Apple Wants Sales Data
A directive has been given by Apple to Valve in November according to a new filing (via PC Gamer) as an extension of the rivalry over its ongoing litigation with Fortnite developer Epic Games. But the directive states Valve to disclose extensive sales data for more than 400 games.
This move is hand in hand with the fight of Epic criticizing paying iOS App Store fees. This data is essential for Apple as it will give it will help them calculate the size of the market of Epic’s “available distribution channels” as they might opt for offering their games through Steam in addition to other digital marketplaces. The assessment will help Apple improve their experience from the competition in games and app from Valve’s Steam marketplace.
Demands Of Apple
On the other hand, Valve considers that Apple is demanding something which isn’t healthy to provide. Apple has demanded:
(a) total yearly sales of apps and in-app products
(b) annual advertising revenues from Steam
(c) annual sales of external products attributable to Steam
(d) annual revenues from Steam
(e) annual earnings (whether gross or net) from Steam.
Apple said in the filing that Samsung has been asked by courts to provide “almost identical” information. But demands of Apple don’t end here as they go on to ask for:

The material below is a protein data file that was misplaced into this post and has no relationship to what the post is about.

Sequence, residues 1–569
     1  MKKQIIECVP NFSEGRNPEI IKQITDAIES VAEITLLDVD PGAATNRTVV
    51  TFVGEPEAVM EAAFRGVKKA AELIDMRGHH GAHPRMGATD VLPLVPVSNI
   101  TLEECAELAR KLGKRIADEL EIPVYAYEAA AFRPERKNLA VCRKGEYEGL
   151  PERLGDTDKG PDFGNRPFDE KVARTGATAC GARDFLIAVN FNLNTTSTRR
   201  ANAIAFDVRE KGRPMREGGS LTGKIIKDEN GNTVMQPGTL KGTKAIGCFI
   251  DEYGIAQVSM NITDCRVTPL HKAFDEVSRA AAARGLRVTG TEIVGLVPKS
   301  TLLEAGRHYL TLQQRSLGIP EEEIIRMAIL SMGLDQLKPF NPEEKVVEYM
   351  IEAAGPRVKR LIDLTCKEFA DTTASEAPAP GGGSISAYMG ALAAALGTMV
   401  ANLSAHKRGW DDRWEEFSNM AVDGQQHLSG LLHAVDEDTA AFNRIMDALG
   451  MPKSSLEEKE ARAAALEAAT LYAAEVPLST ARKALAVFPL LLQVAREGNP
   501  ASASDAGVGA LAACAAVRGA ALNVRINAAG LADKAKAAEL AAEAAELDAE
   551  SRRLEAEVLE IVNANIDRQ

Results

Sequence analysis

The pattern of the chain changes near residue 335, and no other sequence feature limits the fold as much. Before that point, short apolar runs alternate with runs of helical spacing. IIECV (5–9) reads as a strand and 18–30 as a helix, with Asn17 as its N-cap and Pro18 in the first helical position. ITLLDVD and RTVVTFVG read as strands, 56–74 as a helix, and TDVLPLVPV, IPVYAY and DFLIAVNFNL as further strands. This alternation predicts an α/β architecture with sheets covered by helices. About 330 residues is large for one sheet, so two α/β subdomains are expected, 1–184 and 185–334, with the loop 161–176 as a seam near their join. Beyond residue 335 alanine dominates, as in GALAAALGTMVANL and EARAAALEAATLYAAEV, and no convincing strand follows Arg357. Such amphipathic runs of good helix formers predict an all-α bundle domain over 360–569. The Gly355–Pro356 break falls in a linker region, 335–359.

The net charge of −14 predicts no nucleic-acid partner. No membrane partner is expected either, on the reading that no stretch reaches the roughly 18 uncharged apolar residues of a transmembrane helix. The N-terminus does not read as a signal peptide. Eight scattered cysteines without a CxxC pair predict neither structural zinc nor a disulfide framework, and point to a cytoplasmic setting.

(a) the name of each App on Steam
(b) the date range when the App was available on Steam
(c) the price of the App and any in-app product available on Steam
Valve thinks that these requests don’t seem to be too easy to share. And such information for about 436 games has been requested by Apple. Valve has responded well.
Valve Responded Well
Valve contends these demands would “force an uncommon burden on Valve to question, cycle and consolidate an enormous measure of to make the documents Apple looks for” and that it doesn’t keep this data as a part of the “conventional course of business.” (The documenting likewise noticed that Apple had decreased its solicitation for data from “all 30,000+ games on Steam more than ten years” to “436 games more than six years.”)
Valve additionally argues that “quite a bit of what Apple looks for is deals and pricing data for 3rd party games,” however that the organization is taking an “alternate way” by summoning Valve as opposed to getting the data straightforwardly from 3rd party developers.
On Wednesday, Epic documented a formal antitrust complaint against Apple with the European Commission, contending that Apple has “hurt as well as disposed of competition in application distribution and payment measures.”